3 Easy Ways to Calm the Nerves before a Presentation

We’ve all have the jitters right before we speak, and if they are uncontrolled, they can really make a mess of things inside our heads. Luckily, there are some simple steps you can take to ease any last-minute nerves that might pop-up and demand your attention. Here are some that work best for me.

Arrive early and speak to people

I try to arrive early so I have a chance to speak with some of the people in the audience. When we’re caught up in our fears, we tend to forget that our audience has fears too. Talking to people reminds me that they are human as well, and if they were in my position, they probably would be more terrified! Scott Berkun, in his book, Confessions of a Public Speaker, says he uses this tactic to secure some friendly faces in the audience.


If all else fails, I know that I know my material really well. This really helps me calm my nerves. Since content is the heart of the presentation, I find peace knowing that the heart is taken care of. When I create a new presentation, I try to practice it at least 5-10 times (this means that if I’m giving a 30-minute presentation, I need five hours just to practice the delivery). Each time I practice the presentation, I visualize the audience in my room with me, so I have a chance to feel the nervousness and fear. When the day of the presentation comes, the fear isn’t a surprise or a new feeling.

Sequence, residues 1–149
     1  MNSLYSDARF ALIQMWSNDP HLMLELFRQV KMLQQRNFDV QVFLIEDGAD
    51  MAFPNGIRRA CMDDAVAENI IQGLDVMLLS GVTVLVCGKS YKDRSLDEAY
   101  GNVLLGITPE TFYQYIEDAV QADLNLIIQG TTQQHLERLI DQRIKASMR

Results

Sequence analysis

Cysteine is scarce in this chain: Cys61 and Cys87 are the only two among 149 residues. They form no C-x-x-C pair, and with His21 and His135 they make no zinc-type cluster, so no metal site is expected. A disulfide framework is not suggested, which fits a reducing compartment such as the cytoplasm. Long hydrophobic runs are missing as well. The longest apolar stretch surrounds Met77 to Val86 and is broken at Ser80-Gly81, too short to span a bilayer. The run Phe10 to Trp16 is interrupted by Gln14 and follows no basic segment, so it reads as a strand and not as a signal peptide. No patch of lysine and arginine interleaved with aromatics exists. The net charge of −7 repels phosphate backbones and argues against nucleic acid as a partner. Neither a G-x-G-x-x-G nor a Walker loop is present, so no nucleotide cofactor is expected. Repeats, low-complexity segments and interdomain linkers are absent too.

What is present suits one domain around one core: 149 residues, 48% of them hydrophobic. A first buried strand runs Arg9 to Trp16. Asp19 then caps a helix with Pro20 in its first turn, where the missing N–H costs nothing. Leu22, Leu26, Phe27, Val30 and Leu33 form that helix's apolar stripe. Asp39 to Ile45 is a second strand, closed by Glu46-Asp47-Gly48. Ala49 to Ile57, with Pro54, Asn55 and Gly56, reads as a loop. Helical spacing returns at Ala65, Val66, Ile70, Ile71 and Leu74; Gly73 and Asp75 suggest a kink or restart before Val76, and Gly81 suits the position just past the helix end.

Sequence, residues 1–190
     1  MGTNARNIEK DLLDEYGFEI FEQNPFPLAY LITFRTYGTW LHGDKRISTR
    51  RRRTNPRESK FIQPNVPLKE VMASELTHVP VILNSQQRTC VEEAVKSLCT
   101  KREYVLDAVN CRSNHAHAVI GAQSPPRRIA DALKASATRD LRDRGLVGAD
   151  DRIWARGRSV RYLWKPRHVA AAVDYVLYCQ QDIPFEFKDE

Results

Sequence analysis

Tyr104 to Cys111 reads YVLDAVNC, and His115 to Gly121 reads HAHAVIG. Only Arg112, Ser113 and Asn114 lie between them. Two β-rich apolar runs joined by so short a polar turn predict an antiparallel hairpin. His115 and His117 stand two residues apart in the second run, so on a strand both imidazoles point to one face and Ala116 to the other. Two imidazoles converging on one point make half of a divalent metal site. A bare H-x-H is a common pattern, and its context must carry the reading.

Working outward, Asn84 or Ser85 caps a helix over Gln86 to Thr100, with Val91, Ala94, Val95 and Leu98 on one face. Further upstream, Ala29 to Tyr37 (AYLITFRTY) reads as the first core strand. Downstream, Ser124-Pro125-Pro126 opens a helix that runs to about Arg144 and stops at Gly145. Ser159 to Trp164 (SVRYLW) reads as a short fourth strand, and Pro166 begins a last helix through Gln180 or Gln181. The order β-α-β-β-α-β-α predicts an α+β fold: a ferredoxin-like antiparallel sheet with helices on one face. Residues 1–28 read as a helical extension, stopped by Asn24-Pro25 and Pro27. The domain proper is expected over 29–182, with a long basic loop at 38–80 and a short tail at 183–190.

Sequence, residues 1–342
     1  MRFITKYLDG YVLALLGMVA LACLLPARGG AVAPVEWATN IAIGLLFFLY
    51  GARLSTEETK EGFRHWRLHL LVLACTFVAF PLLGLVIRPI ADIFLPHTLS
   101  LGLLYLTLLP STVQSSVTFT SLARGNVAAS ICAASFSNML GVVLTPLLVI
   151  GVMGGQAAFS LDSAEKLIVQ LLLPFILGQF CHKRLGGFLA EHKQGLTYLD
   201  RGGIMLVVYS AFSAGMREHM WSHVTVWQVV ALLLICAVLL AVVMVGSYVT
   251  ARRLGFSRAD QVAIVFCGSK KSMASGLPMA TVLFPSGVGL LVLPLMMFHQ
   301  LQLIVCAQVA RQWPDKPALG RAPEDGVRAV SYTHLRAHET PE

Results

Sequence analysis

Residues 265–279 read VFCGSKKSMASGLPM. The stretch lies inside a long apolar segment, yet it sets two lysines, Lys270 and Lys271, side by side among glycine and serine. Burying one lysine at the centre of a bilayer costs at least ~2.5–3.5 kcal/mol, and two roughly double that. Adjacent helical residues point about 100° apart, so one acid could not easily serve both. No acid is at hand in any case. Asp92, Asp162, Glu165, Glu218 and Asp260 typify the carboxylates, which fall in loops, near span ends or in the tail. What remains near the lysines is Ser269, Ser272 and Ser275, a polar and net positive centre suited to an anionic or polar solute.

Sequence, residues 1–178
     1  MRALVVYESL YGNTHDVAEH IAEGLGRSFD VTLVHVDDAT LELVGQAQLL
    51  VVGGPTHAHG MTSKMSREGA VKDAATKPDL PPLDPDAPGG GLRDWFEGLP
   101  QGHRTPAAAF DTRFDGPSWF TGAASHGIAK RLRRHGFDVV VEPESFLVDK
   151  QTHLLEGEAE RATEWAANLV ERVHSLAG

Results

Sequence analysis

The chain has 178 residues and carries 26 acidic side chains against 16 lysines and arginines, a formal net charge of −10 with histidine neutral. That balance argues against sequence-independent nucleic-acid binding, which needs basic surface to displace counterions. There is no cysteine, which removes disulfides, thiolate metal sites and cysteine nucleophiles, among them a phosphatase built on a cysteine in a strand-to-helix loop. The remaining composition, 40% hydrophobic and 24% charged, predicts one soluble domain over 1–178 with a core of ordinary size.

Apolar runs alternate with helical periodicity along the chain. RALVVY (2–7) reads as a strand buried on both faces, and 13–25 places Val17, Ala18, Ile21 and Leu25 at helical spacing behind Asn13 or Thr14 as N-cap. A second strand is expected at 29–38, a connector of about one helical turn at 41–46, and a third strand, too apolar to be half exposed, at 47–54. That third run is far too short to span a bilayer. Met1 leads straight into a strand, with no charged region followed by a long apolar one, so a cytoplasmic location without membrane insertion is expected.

Meditate or do a short breathing exercise

Take 5 or 10 minutes to close your eyes, and do a short meditation or breathing exercise before your talk. This will help you calm your mind, and get you back in touch with your body. Once you’ve regained some sense of yourself, you’ll find that you’re ready to confidently and calmly rock the presentation. Make sure you give yourself 5 or 10 minutes between the end of the meditation and the beginning or your talk. Otherwise, your audience may get the sense that you just woke up, and even though they may be right in an enlightenment sort-of-way, they may take it as permission to sleep as well.